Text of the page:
Many countries will, this year, be commemorating the centenary of the end of the First World War. 2018 is, however, also the anniversary of an event that killed many more people and had an equally dramatic impact. It is, though, less likely to feature in civic ceremonies or public memorials.
The ‘Spanish flu’ emerged during the spring of 1918 with the first wave of infection lasting into July. It returned again with a vengeance in the autumn. A third, lesser, wave appeared in the spring of 1919 and there are suggestions of a fourth wave in 1920 – the famous sociologist Max Weber may well have been a victim. In the UK alone, at least half the population are likely to have experienced the illness and almost 250,000 people died. This compares with about 700,000 UK military deaths in the whole of the 1914-18 war. Globally, it is generally accepted that at least 60 million people died, and there are good reasons to think that the true figure may be nearer to 100 million, around 2 percent of the world population at the time.
The influenza virus still presents many scientific puzzles. In 1918, nobody even knew that viruses existed – they were not identified until the 1930s. Influenza viruses occur in about 20 species. Most of them are no threat to humans. There is, though, some interchange between the human virus and those that affect birds and pigs. The way that these viruses are structured means that their genetic material is unstable. It drifts in small ways from year to year. Occasionally, there is a shift, which is a more radical change. This is what seems to have occurred in 1918 – and again in 1957, 1968 and 2009.
No-one knows for certain where the shift in the virus first took place. Rival theories locate this in China, in the US Midwest and in the British army camp at Étaples in France. By the spring of 1918, though, it was ravaging both the German and the Allied armies. The virus probably shortened the war because the German Spring Offensive in March and April ran out of fit soldiers just as US troops began arriving. Although the Americans also suffered dreadfully from the influenza, especially on their troopships, there were so many of them that this had less impact on their ability to fight.
The losses among fit young men (and women) were a distinctive feature of the 1918 pandemic. Mostly influenza kills the very young and the very old. In 1918, there were also high death rates among adults in their twenties. This seems to have been due to an over-reaction by their body to the infection. Their lungs were so badly affected that their skins turned heliotrope, a distinctive shade of blue or lilac, from lack of oxygen and they died within hours.
Globally, the impact was often more severe. Some remote communities of indigenous peoples were completely wiped out, notably in Alaska. A few Pacific islands were able to quarantine visitors and escaped entirely. Some historians think that the pandemic played a significant role in the foundation of African liberation movements. The lack of any effective medical response undermined the myth of technological superiority that the colonial powers had created around themselves. Colonial administrations focussed resources on Europeans and largely abandoned local people.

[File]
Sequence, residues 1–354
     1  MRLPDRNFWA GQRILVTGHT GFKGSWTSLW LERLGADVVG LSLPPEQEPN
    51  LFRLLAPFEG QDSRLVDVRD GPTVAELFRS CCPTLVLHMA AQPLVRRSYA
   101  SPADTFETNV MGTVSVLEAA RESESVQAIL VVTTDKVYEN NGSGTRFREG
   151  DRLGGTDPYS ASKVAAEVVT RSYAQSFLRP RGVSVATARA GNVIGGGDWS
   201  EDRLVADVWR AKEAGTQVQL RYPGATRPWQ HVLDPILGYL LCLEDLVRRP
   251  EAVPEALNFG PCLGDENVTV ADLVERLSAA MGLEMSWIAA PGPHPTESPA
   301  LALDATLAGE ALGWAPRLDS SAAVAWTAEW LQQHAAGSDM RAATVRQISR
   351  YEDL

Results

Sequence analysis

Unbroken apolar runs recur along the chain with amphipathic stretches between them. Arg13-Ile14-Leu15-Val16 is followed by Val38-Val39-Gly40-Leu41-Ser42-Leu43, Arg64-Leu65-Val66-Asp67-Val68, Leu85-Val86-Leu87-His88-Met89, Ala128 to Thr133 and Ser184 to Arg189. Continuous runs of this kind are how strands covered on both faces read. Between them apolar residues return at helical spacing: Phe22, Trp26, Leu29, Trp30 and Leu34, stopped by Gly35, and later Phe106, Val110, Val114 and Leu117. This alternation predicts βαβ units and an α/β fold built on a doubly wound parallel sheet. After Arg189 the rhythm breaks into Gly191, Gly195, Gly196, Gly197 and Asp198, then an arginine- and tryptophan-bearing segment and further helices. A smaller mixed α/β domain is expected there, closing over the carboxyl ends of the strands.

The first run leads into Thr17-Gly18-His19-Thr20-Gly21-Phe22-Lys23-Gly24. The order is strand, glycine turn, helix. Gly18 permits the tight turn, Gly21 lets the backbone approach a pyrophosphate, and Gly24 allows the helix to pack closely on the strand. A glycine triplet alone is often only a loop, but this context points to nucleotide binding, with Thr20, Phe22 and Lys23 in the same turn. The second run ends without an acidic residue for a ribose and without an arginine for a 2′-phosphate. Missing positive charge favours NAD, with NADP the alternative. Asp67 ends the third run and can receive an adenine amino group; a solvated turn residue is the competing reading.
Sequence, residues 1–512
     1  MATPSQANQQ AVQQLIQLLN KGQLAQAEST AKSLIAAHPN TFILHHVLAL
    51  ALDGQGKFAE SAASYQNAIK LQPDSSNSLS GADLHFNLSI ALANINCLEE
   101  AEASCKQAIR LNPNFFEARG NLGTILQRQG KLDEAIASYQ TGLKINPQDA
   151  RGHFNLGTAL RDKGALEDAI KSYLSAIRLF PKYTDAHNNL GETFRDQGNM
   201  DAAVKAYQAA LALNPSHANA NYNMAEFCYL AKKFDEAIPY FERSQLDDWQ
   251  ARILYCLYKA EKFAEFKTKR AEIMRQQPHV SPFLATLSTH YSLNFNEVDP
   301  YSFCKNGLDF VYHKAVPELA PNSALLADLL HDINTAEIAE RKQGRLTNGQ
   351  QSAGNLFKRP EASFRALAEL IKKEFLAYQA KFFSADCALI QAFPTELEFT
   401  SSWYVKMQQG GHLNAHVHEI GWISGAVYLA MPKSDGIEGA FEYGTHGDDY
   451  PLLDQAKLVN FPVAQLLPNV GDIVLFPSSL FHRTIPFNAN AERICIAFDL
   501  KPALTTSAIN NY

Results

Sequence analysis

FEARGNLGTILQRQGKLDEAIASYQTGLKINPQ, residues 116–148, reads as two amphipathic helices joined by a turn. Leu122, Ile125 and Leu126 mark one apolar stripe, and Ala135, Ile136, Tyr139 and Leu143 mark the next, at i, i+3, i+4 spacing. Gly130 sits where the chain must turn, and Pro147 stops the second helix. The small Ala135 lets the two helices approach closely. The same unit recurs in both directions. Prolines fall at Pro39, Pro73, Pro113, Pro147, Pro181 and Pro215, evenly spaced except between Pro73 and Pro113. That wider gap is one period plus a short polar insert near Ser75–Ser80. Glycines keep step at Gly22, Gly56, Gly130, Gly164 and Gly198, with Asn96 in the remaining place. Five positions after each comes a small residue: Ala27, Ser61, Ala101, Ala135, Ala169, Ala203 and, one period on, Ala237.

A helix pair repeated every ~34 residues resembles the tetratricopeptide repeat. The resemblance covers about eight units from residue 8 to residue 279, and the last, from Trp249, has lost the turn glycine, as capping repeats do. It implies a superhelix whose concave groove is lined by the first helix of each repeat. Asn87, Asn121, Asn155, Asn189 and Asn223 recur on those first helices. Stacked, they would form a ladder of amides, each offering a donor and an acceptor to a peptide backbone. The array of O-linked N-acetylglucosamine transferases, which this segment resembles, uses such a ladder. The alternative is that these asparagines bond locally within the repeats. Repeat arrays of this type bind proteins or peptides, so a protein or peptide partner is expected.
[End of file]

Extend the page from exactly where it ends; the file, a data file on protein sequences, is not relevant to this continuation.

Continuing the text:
What did this mean in practice? Hucknall, a small town in Nottinghamshire, usually had about 170 burials each year: in November 1918 alone it had over 105. The gravediggers could not keep up and extra workers could not be found. In the US, the city of Philadelphia had to pay medical students to collect bodies left in the homes where they had died for six to eight weeks during the summer. Steam shovels were brought in to dig trenches in which they could quickly be buried.
Throughout the UK, Europe and North America, there are reports of disruption to postal deliveries, telephone exchanges, transport systems, banks, and courts. Mines and factories were reduced to minimal staffing levels. Hospitals overflowed into emergency accommodation, while nurses fell sick in large numbers. Many schools closed for several weeks as teachers succumbed.
There were moving individual stories. Many pregnant or nursing women died, taking their babies with them. There are numerous accounts of neighbours finding a young man, his wife and their small baby all dead together. In Nottingham, a church window is dedicated to the memory of a bride who died on her honeymoon. Hardly a family would have been untouched by disease or loss.
The experience of the pandemic had a major impact on the scientific and public health communities. However, the wider social consequences have been airbrushed from history. This was not really a question of wartime censorship as some historians have suggested. The experience was well-represented, especially in local newspapers. It has, however, not been preserved in national memories in the same way as the Great War. Some writers suggest that the trauma was just too great.
The 2009 influenza pandemic was a lucky escape in the relatively mild nature of the infection and the low mortality rate. Next time we may not be so fortunate. Perhaps it is time we had some public memorials to the other dead of 1918 to remind us that this hazard is still out there.